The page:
Misleading financial services adverts

Misleading financial services adverts

Accountants Grant Thornton claim that 76% of the 117 ads it examined failed the standards set by the Financial Services Authority (FSA). The research was conducted by visiting at random branches of financial services companies, including high street banks, building societies and insurance firms. The available literature and promotional material was then checked against the FSA standards. Grant Thornton said that "advertisers need to play by the rules and not exploit a lack of awareness among their target market."

The following misleading points were highlighted by the report-

  - Advertising "headline grabbing" deals or cheaper premiums which were not available in practice, with more expensive premiums quoted when the organisation was telephoned.
  - Saying premiums were cheaper than a competitor's by comparing a basic product with a rival product that offers a more comprehensive cover.
  - Using scare tactics such as 'one out of three people will get cancer in their lifetime', but failing to point out that some forms of cancer are not covered.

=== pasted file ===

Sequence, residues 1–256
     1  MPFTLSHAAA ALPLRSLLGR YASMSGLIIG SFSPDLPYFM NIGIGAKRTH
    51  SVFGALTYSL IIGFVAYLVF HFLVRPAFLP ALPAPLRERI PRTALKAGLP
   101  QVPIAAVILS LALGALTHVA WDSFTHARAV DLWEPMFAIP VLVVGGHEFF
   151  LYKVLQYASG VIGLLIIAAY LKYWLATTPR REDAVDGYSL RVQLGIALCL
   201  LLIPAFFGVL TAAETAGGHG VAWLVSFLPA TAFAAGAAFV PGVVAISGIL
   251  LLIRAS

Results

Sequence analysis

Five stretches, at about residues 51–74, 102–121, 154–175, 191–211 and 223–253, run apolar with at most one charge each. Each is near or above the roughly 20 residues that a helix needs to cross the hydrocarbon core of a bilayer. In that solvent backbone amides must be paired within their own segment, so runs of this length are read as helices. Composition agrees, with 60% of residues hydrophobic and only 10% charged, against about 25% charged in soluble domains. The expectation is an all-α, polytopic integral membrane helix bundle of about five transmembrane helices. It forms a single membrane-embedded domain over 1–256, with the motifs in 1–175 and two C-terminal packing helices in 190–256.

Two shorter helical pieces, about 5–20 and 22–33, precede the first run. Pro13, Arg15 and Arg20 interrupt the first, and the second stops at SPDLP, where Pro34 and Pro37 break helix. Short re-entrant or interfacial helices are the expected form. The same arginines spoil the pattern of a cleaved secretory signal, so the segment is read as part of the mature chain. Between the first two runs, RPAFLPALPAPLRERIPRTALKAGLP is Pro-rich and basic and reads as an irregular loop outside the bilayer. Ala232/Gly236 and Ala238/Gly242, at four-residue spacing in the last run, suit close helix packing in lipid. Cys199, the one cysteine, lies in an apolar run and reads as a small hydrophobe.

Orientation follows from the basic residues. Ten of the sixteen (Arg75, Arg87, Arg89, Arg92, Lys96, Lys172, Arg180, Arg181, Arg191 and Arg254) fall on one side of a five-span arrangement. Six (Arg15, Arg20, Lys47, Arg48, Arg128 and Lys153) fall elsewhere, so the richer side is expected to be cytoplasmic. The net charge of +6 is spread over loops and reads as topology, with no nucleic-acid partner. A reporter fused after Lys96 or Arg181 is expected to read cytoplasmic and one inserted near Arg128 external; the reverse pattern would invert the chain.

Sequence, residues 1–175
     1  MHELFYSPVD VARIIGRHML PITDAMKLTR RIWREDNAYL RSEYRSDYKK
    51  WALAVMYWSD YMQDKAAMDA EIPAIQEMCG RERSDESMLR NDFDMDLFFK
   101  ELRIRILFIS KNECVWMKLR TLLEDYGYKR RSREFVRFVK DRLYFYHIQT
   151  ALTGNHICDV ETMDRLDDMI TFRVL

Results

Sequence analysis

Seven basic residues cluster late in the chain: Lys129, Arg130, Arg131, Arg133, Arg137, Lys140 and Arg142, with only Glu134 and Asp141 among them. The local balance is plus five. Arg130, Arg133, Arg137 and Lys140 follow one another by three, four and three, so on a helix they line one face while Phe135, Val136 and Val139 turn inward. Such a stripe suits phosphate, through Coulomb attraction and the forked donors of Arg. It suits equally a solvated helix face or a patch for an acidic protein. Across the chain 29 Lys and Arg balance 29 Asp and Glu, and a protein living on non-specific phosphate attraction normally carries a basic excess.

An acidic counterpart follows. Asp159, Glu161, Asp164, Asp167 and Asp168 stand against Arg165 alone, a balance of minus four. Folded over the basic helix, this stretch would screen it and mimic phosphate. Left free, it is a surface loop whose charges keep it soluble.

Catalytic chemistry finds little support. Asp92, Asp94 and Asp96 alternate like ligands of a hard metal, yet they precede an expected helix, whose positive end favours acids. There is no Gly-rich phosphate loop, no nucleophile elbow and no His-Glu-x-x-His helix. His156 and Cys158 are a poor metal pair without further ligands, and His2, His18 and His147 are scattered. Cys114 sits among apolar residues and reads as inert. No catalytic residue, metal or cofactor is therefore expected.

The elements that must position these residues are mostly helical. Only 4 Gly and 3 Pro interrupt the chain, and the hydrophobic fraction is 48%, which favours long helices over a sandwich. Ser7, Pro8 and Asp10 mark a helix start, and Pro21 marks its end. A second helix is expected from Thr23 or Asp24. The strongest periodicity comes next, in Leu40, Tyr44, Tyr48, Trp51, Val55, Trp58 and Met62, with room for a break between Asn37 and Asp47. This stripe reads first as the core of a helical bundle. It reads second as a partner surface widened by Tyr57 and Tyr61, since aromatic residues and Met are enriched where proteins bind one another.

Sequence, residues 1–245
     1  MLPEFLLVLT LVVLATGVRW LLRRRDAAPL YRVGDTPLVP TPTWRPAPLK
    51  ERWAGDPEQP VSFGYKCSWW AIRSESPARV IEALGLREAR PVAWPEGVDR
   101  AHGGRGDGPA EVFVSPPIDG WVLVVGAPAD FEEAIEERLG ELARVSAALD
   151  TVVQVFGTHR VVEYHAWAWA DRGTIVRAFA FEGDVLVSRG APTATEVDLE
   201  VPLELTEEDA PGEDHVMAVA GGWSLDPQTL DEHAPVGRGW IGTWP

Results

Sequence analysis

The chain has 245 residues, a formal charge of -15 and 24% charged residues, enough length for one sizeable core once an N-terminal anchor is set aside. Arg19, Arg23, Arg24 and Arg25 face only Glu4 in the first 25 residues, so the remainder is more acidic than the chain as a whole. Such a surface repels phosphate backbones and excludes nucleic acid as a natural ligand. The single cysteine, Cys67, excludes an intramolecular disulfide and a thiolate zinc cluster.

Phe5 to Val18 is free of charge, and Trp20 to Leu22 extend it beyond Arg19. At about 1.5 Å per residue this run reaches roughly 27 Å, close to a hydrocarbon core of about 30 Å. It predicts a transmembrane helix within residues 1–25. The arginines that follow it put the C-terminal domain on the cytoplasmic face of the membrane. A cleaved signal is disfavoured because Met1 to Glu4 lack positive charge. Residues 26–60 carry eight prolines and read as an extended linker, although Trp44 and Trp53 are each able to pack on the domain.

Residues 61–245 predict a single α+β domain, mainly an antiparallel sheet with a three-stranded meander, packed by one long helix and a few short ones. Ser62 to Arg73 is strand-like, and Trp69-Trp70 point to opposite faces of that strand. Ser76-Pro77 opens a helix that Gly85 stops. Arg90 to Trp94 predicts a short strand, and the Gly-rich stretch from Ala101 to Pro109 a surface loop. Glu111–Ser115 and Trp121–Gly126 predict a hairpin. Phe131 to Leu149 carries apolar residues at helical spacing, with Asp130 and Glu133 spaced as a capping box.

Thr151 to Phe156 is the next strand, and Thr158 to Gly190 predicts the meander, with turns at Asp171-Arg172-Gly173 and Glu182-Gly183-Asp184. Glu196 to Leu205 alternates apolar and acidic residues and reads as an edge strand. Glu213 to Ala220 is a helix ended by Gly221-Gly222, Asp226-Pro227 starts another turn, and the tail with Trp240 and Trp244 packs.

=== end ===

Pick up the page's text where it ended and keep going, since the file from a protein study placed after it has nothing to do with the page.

- Omitting obligatory warnings, such as income will be subject to tax or that values of funds could go down as well as up.
  - Making claims that are untrue or improvable, such as claiming products offered "the best rates" or "mortgage rates are at their lowest for years", when rates have risen since 2003.
  - Using jargon to confuse consumers, such as MVR, LTV, IVA, CCJ and descriptions such as "core plus satellite".

FSA regulations require companies advertising financial products make sure that their adverts are clear, carry risk warnings, don't make misleading claims and spell out any penalties or charges that may be incurred. Last month, the FSA said it was keeping a close eye on insurance advertising, especially for critical illness polices. It pointed out that too often these use scaremongering tactics about the prevalence of illnesses like cancer, and include unsubstantiated claims or use key words or exclusions that are not prominent enough. The FSA warned that if the problems continued it would not hesitate to take action.

April 2006

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